Weighing in on Net Promoter

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Seeking Higher ROI? Base Strategy on Customer Equity

Loyalty guru Fred Reichheld has proposed a number called the Net Promoter Score that can be used to measure the loyalty of a company's customers. This simple ad-hoc approach takes the responses to a firm's willingness-to-recommend question, typically measured on a zero-to-10 scale, and says nines and 10s are promoters, sevens and eights are neutrals, and the rest are detractors. By subtracting the number of detractors from the number of promoters, the firm can calculate net promoters.
Loyalty guru Fred Reichheld
Loyalty guru Fred Reichheld

It has appeal because it is simple and because Mr. Reichheld claims it is the by far the most effective metric for predicting future growth. The method has been written up in an article in the Harvard Business Review and in a book, and has been applied at leading companies, including General Electric. All of this is positive; it gets top managers thinking about customer loyalty.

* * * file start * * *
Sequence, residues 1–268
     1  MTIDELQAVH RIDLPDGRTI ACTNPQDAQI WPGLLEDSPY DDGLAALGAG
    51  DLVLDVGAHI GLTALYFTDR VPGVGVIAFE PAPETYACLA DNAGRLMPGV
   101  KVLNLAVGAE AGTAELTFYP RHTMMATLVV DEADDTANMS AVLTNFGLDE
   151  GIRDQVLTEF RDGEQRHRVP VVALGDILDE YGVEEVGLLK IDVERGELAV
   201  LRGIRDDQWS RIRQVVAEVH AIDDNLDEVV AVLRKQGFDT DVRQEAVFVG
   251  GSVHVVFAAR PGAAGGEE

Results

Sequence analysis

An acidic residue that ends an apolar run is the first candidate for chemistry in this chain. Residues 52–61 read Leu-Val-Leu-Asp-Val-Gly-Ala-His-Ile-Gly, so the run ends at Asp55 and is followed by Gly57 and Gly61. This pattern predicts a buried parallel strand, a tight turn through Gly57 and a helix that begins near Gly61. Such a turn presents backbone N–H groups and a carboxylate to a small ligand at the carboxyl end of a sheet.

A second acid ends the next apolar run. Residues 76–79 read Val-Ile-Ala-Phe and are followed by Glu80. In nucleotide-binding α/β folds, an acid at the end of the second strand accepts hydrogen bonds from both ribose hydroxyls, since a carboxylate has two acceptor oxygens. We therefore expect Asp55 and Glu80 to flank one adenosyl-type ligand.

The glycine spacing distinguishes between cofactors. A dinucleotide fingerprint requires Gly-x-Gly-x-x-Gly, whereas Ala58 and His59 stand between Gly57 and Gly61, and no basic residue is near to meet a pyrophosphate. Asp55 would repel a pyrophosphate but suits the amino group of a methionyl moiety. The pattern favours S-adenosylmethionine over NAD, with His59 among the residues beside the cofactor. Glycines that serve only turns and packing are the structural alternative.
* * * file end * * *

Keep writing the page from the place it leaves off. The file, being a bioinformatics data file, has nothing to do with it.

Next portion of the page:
But what if top management has already realized that customer loyalty is important? Does Net Promoter really live up to its claims? No.

No advantage
Researchers have rigorously evaluated the measure's ability to predict future growth. One study, published by Neil Morgan and Lopo Leotto Rego in Marketing Science, compared a Net Promoter-like metric to other metrics and found no advantage for Net Promoter. Timothy Keiningham and his colleagues, in an article in the Journal of Marketing, followed up with an even more rigorous multi-industry test of the Net Promoter metric and came to a similar conclusion -- Net Promoter was no better than customer satisfaction in predicting future growth.

Mr. Reichheld has done all of us a service by helping to make the C-suite aware of customer loyalty. But just as there are no "five secrets of getting rich" or "three keys to a healthy love life," there is also not just one number you need to know about loyalty. The most sophisticated companies may start out with a metric such as Net Promoter that gets top management thinking about loyalty, but eventually they will move on to methods and metrics with more powerful capabilities -- such as the customer-equity approach discussed here.
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